Many know the homeless in this country only as a statistic. In his memoir, author James Howard Lough adds a human face to the cold figures by recounting his time on the streets in Boston.
Lough’s decline into homelessness is relatively painless initially. He has a car which, until it breaks down, provides emergency (though cramped) shelter, the weather is still mild, and best of all, a friend in a nearby suburb allows him to camp in the backyard, provides a tent and feeds him. But the refuge doesn’t last, and he must choose between the streets or a homeless shelter.
Picking the latter, Lough enters a shadow world where he must follow restrictive regulations or be evicted and eat at a soup kitchen run by a local church. He takes readers into a world of shelters, each worse than the one before, save for a refuge run by Harvard students that seems paradise in comparison, but where house rules allow only 90-day stays at a time. Sometimes forced onto the streets, Lough tries begging, discovers an abandoned van to sleep in, and learns that the late shift at Dunkin’ Donuts will allow him to spend the night with his head resting on a corner table.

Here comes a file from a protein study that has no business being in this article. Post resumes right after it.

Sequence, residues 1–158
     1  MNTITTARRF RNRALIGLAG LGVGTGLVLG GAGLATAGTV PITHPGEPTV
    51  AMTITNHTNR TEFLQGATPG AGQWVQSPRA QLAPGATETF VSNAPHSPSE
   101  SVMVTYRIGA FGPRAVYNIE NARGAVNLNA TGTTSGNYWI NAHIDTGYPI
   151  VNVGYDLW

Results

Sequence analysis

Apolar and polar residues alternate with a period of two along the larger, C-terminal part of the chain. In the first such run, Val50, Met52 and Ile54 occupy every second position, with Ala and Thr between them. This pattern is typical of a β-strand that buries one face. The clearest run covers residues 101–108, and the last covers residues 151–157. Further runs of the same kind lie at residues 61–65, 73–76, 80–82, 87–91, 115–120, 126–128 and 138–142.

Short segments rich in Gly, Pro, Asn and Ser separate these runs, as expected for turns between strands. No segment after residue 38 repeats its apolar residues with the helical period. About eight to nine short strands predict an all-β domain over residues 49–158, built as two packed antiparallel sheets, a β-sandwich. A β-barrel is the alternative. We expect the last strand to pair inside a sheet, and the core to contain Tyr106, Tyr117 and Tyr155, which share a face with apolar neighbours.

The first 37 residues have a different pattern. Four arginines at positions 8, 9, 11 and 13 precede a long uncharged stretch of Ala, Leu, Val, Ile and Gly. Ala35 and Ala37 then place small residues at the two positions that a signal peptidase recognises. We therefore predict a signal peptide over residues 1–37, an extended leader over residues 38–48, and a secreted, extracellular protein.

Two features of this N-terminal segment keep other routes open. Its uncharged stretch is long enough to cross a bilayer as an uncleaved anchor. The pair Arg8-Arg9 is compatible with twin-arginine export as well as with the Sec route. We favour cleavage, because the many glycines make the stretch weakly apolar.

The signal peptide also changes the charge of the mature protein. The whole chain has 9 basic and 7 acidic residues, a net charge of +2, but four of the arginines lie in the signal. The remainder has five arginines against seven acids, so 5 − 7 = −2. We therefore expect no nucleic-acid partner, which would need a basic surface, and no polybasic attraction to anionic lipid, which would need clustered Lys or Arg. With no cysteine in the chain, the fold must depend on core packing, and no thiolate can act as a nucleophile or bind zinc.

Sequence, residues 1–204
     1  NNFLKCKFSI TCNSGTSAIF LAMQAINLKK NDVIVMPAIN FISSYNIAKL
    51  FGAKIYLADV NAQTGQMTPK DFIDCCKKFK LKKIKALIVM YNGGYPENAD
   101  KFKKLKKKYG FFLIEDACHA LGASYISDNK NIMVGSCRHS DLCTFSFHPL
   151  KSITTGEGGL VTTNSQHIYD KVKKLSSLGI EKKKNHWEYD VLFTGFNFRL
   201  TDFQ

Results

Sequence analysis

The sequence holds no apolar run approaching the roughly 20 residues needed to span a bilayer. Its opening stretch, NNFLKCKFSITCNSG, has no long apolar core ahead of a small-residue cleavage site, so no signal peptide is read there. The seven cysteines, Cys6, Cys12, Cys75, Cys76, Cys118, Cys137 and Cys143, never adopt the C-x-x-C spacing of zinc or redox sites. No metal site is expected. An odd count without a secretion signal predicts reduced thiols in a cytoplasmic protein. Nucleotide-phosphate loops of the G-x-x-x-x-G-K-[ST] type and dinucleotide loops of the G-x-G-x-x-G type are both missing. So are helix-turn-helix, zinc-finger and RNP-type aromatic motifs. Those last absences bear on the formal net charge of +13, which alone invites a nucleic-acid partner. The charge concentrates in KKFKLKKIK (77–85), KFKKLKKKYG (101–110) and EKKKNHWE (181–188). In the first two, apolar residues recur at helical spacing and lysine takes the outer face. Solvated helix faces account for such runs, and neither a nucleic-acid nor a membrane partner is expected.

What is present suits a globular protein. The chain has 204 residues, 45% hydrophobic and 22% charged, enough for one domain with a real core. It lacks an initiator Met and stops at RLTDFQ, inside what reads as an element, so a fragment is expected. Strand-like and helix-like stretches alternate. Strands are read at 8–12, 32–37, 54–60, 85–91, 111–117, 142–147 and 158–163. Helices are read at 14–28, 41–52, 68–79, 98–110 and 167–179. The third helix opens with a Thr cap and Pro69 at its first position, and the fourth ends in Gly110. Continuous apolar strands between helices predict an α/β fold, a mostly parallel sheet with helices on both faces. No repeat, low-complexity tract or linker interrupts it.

Lough does a solid job detailing the day-to-day logistics of homelessness: scrounging for work as an underpaid day laborer, struggling to pay for car repairs, depending on the kindness of others. He is less effective, however, in conveying his emotions, offering only occasional hints of mental anguish; instead, he depicts a carry-on mindset that mostly focuses on practicalities. His portrayals of those he meets on the streets are largely superficial, as are his final insights after landing a job that comes with housing.
Still, his memoir is instructive and his advice indisputable: “Consider yourself fortunate,” he writes, “if you can go an entire lifetime and never have to experience the feeling of being homeless.”
Also available in a paperback edition.